Not content to rest on our laurels we have formed a new young professional community who will hold a Shabbat sushi dinner in the sukkah in two weeks. This past year, under the leadership of Lisa Cordell, Heather Sacks, Les Ulanow and others we have added a number of special needs programs, not just for individuals with special needs, but to help to sensitize the whole congregation to this issue so we can be a truly inclusive community.  On December 13 we will again have our popular Shabbat across B’nai Tzedek where members will be matched and host each other for Shabbat dinners across our community.  A congregational retreat, a Day of Study, Annual Spring Gala and other events are all being planned in the coming year, and we welcome your help as it is a great way to get involved, feel a part of the community and meet other congregants.  A task force headed by Beth Swibel and Devorah Berman is devoted to continuing to bring in young members and to make membership affordable.  Coupled with the extraordinary generosity of the 40 families who have already made a 5 year commitment to contribute to the Rabbi’s Circle, we are well on the way to providing the foundation for a sound future for B’nai Tzedek.  (By the way, we can make the Circle larger, and hope some of you who have not yet done so will join).  I will forego further specifics and just say check out this year’s program guide and you will see why we are a congregation that has something for everyone.


But in the spirit of the honesty and introspection the holiday calls for, we cannot ignore the areas where we need to improve. For despite all we have done, and all our success, it is not enough, and I am not content.  I encourage you to come to services on Shabbat.  Drop in, become a part of our Shabbat community, and see how beautiful it can be.  We need your participation to help us develop an even larger Shabbat community.  I will let you in on a secret – our services really are terrific, and the cantor makes them beautiful, but they are even more so when you are here.  Members and visitors tell me how much they enjoy and how much they get out of our services.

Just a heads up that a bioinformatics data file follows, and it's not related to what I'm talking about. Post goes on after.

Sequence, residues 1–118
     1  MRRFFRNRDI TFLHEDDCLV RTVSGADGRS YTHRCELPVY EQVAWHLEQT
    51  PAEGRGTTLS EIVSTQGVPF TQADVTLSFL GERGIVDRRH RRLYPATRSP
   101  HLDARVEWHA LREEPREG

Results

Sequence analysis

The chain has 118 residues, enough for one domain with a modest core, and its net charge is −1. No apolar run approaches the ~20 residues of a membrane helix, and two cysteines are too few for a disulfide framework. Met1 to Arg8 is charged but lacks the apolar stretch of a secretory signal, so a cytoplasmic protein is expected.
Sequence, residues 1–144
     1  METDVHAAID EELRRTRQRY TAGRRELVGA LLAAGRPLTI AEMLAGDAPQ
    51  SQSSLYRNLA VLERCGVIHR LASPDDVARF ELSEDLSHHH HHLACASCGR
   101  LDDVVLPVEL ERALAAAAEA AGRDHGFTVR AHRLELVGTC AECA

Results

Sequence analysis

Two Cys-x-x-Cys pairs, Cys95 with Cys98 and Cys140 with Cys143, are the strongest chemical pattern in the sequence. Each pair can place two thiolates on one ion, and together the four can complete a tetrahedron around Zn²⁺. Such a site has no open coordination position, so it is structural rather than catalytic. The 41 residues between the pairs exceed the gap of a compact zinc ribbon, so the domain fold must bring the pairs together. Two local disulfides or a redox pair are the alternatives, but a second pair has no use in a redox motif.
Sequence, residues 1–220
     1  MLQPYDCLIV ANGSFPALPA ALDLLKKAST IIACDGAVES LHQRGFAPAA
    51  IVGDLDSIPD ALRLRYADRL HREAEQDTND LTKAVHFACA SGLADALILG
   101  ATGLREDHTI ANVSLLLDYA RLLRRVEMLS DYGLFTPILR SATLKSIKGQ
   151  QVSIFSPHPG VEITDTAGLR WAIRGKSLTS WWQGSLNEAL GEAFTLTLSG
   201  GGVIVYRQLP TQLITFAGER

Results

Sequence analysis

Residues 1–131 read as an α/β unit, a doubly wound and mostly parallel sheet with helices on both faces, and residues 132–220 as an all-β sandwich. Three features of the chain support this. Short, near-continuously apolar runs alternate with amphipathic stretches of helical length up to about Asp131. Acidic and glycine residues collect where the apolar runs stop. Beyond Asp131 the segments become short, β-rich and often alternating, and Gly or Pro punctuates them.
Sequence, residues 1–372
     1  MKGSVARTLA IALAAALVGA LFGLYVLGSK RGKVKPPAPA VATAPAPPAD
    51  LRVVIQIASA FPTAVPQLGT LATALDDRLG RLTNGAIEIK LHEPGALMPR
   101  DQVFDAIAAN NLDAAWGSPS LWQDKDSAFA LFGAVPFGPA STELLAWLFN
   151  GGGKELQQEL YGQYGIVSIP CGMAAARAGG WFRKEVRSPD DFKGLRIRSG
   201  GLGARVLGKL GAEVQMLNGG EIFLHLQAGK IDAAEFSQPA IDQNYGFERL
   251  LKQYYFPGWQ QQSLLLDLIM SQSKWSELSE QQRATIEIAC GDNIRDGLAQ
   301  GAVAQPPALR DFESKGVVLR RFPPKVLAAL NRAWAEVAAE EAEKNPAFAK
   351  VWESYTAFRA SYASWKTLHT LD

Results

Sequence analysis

I am reminded of the rabbi who was trying out for a new position. He thought services went pretty well, as everyone complimented him, except for one ornery woman who told him the service he led was boring and the sermon was meandering and meaningless.  When the rabbi pointed out to the president of the synagogue the woman who was critical of him, the president told him, “Don’t worry about her.  We all know she doesn’t have a mind of her own and just repeats what she hears everyone else says.”


And while speaking about services, I ask you to please take the invitation to usher and to attend our weekday minyanim seriously, as we count on our members to serve as greeters. It comes out to about once every two – three years congregants are asked to attend services and help out.   Please fulfill your responsibility to each other and your obligation as a member of a sacred community.


The other area I hope we can work on is education – specifically, I wish more of you would come to take our classes. Those who come to my Thursday morning Torah class or any of the other ones we offer find it enriching and intellectually stimulating.  And the other goal I would like us to have is to get more of our kids to stay beyond bar or bat mitzvah.  I have spoken previously about how important it is that children maintain ongoing contact with the synagogue, their rabbi, their peers, and Jewish education.  We will do our part to provide quality education for your children.  We ask you to do your part and get them here.